File spoon-archives/lyotard.archive/lyotard_2001/lyotard.0103, message 89

Date: Wed, 21 Mar 2001 11:30:08 -0500
Subject: Re: I'd rather be a Cyborg than a Goddess


> The issue is not that of a "movement" but rather how can the >actions
> around you today can become more overtly political - that is >the attempt
> formally take control, and transform these societies.

**A good example of the above in this country was Montgomery and Civil
Rights.  The Montgomery boycott of segregated buses was an important step
towards of changing public consciousness of segregation.**

> Consider the counter-globalisation movement and the nomadic movements of

**The link Silvano posted has many pictures of the counter-globalisation
movement. A book, titled "Changing Consciousness" by David Bohm and Mark
Edwards (he's the photographer) describes in,words and pictures, the
terrible effects of globalization. The population movements are
involuntary - move or die, or move, then die.**

> How can these diverse challenges which are being made to >the post-modern
world with its endless repressions, >stratifications and
re-territorialisations become more directly >political in the above sense?
(and of course the question of >whether they should - which is the unsaid in
relation to 68)

**The present situation is already "directly political".  Control of
national governments by global corporations, was unbelievably fast and
effective following the   breakup of the USSR.

Seattle and Davos and Naples were small steps.  Whether such steps should be
taken?  Why ask the victims of
globalization, or the victors?. Everybody knows the answer.**

> It can only do so in my view when they develop a >consciousness capable of
understanding the repressive >operations of the globalised world.

 **Who are "they" - the rulers of victimized nations or the masses they
rule - the chairmen of global corporations or the employees who serve them?

In industrial democracies, governments are selected by voters in elections
which are often decided by corporate wealth.  In industrial democracies,
legislation is, to a great extent controlled via corporate lobbyists.

In the U.S., only half the voting age population votes.  If some postmodern
Marxist secret organization could persuade, cajole or force them to register
and vote (ignoring paid ads and publicity) they would determine the winners
of elections.  Historically, Marxism lead to forcible seizure of  power, the
gulags etc, not much in the way of individual freedom and choice.

If you've read "Ten Days that Shook the World", you
know that, in Russia, pre-Revolution industrial workers had their own local
organizations.  The Revolution was not about empowering workers with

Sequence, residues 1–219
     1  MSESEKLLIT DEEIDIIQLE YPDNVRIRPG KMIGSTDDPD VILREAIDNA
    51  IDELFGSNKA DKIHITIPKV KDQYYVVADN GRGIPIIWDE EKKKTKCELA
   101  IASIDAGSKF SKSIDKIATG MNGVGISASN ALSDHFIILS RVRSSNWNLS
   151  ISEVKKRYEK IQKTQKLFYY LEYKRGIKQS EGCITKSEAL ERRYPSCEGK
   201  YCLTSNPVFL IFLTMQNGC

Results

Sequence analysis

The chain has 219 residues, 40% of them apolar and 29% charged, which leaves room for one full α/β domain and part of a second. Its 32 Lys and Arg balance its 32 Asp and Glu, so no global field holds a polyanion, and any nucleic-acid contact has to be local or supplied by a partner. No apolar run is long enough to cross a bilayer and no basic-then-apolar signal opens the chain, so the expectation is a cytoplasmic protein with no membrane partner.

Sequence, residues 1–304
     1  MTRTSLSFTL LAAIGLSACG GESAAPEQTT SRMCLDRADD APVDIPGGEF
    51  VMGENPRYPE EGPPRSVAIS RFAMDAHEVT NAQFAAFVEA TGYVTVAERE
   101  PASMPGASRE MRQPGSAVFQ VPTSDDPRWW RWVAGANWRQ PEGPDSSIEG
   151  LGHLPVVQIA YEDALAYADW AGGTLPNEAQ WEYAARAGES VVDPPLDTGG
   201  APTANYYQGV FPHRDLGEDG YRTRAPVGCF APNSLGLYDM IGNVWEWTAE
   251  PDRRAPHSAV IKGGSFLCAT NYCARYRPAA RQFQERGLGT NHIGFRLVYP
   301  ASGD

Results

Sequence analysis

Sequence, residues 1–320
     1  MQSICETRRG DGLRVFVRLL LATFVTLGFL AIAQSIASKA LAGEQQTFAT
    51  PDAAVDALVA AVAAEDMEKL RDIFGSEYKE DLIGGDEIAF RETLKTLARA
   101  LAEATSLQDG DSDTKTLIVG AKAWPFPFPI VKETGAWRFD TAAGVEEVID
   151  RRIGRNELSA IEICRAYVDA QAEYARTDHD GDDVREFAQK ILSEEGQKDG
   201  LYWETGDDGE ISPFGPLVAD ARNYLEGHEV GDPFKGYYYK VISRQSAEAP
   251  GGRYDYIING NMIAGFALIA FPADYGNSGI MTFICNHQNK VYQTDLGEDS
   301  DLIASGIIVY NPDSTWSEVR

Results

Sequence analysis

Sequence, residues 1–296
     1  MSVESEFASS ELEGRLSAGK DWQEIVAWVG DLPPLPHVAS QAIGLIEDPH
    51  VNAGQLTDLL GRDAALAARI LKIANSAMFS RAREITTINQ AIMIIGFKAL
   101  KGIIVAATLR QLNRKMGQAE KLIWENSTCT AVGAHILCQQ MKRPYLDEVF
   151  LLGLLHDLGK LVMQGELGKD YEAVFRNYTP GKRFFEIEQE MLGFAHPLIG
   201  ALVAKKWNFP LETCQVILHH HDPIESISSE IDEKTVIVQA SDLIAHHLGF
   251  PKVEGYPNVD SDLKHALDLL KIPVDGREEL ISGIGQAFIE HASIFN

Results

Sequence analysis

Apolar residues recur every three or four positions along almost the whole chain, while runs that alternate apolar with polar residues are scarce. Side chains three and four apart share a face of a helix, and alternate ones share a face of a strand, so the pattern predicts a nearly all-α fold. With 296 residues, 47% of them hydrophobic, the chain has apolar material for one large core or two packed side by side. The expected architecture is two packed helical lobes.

ownership of the property they used and the goods they produced, or the
right to choose their leaders by secret ballot.  The industrial democracies
who are globalizing the World pay lip service to local democracy, but the
big corporations own the valuable properties and control their use.**

>Perhaps the question >implicit below is what is the purpose of >theory, of
philosophy. My own view is that it exists to invent >concepts and propose
ways of understanding the world - what >is yours?

**I think of the "pursuit of wisdom".

1)We accept modern technology and science as the inventors and explainers of
the world of Nature.

2)Concepts of  what a human being is, does, and can do, are partly derived
from the natural sciences, the social sciences, plus inputs from history,
religion and art

3)Socio-political concepts are much-involved with what social scientists
tell us - whether we believe it or not.

Philosophers try to "make sense" of all the above, in terms of
the individual lives we lead and the social milieu we inhabit.

To obtain degrees and earn a living, philosphers must specialize in almost
limitless detail(s), a contradiction of the traditional aims of philosophy.
The same necessity afflicts physicists, scientists, theologians, economists.
God help us!**

> Since I'm middle aged - Karl and Groucho to great Marxists - plainly
> related....
> regards
> sdv
> hugh bone wrote:
> > Eric et. al.,
> >
> > Agree with most of this analysis, but can't imagine how intentions based
> > even a hint of Marx, a name has negative meanings to the middle-aged and
> > older, or intentions based on the ideas of Continental philosophers,
> > to only a handful of
> > people in the U.S., could possibly become a "movement".
> >
> > A significant global movement without strong support within the U.S.
> > impossible.
> >
> > Movements in the last half-century, in which minorities
> > changed history, were Civil Rights, ending the Vietnam War, and and
> > Perestroika.
> >
> > Information Age resources might, in theory, have accelerated achievement
> > those causes.
> >
> > The African American community of Montgomery struggled through 13 months
> > passive resistance to overcome legal segregation on buses in 1956.
> >
> > The 1968 protests in Paris were were noisy and newsworthy, but were
> > out in just a few days.
> >
> > The questions for Cyborgs and the others, are:  where, when and how to
> > begin.
> >
> > Regards,
> > Hugh
> > '
> > ~~~~~~~~~~~~~~~~~~~~~~~~~
> >
> > > Here is where postmodern Marxism becomes possible, as Cyborgs and
> > > workers complexify to create not merely revolution, but a singularity
> > > that goes beyond these attempts to intervene and regulate the
> > > spontaneous order of information.  The stakes are over whether or not
> > > continue a "winner take all" unstable economy or drift  towards
> > > cooperative coevolutionary decentralized structures. Ones that support
> > > more ephemeral and sustainable pleasures, as the job economy moves
> > > work to play and our Calvin ghosts take on ecstatic flesh to arise in
> > > profane resurrection of joy, a virtual pagan Easter where information
> > > breeds like bunnies.
> > >
> > >


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